Duncan HoustDuncan Houst

1) My Obscure Opinion – Nice as it is for all us to get along, I can think of nothing more dull than total agreeance. Arguing opinions is what solidifies them, so as I defend Mirror Mirror and Breaking Dawn: Part 2 and despise The Dark Knight Rises and Life of Pi, I know my opinion is important, because it is specially my own.

2) Nicole Kidman – For an hour I was in the same room as Nicole Kidman, the glamorous actress who has stunned consistently in Moulin Rouge, Dogville, Birth, and most recently The Paperboy. She looks fantastically maniacal in next year’s Stoker, and I smile as her career surges passionately once again. That I got to be in the same room as the talented woman is simply a dream come true.

3) Female Directors – 2012’s been a saddening year for woman filmmakers, but as Andrea Arnold, Sarah Polley, Kathryn Bigelow, Julia Loktev, and Ursula Meier proved this year, there ought to be a bigger space for women behind the camera. Even if wide success eludes them, they still join the ranks of such powerful artists as Kelly Reichardt, Jane Campion, Lynne Ramsay, Agnes Varda, and most especially of all…

4) Claire Denis – If I made a Top 100 Films of All Time list right now, most of her ten films would without a doubt be on it. She has such a nimble hand and eye for dissective character studies, unforgiving sensuality, and occasionally breathtaking majesty and show(wo)manship. If you haven’t seen a film from this unparalleled artist of the medium, you’re living in the dark. I eagerly await the day we finally hear she’s hard at work on yet another masterpiece.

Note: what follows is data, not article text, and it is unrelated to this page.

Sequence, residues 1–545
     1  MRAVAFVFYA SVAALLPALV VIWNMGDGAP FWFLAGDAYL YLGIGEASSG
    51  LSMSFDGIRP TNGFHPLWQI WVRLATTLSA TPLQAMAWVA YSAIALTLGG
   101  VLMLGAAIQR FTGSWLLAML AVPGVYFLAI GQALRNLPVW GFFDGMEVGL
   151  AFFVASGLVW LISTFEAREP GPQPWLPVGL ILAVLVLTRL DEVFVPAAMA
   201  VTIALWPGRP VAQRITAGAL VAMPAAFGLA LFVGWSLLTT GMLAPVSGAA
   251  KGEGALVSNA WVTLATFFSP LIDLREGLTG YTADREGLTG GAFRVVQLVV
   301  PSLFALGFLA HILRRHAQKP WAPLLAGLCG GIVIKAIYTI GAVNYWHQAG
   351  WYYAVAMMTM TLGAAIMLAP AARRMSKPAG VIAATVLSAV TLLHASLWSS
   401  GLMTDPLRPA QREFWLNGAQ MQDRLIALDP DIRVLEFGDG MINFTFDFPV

5) A Semester Off – I took time off from school to figure out what I wanted to do with my life. In that time I figured out that I want to be a film critic for the rest of my life, I was happily accepted into the Film Misery family, and I got to travel to New York and see many films which will inevitably hit close to the top of my “Best of 2012” list just over a month from now. I am thankful for the opportunities I’ve had, and to everyone who made them possible!

G Clark FinfrockG Clark Finfrock

1) Criterion’s Eclipse Series – We all know that The Criterion Collection currently represents the gold standard in making important films, classic and contemporary, accessible to the home video market. But its lesser known Eclipse Series line of releases seeks to keep alive the more unsung and esoteric works of major artists like Ozu, Mizoguchi, and Lubitsch, and nearly forgotten directors such as Allan King or William Klein. The series is developing into a true archival treasure.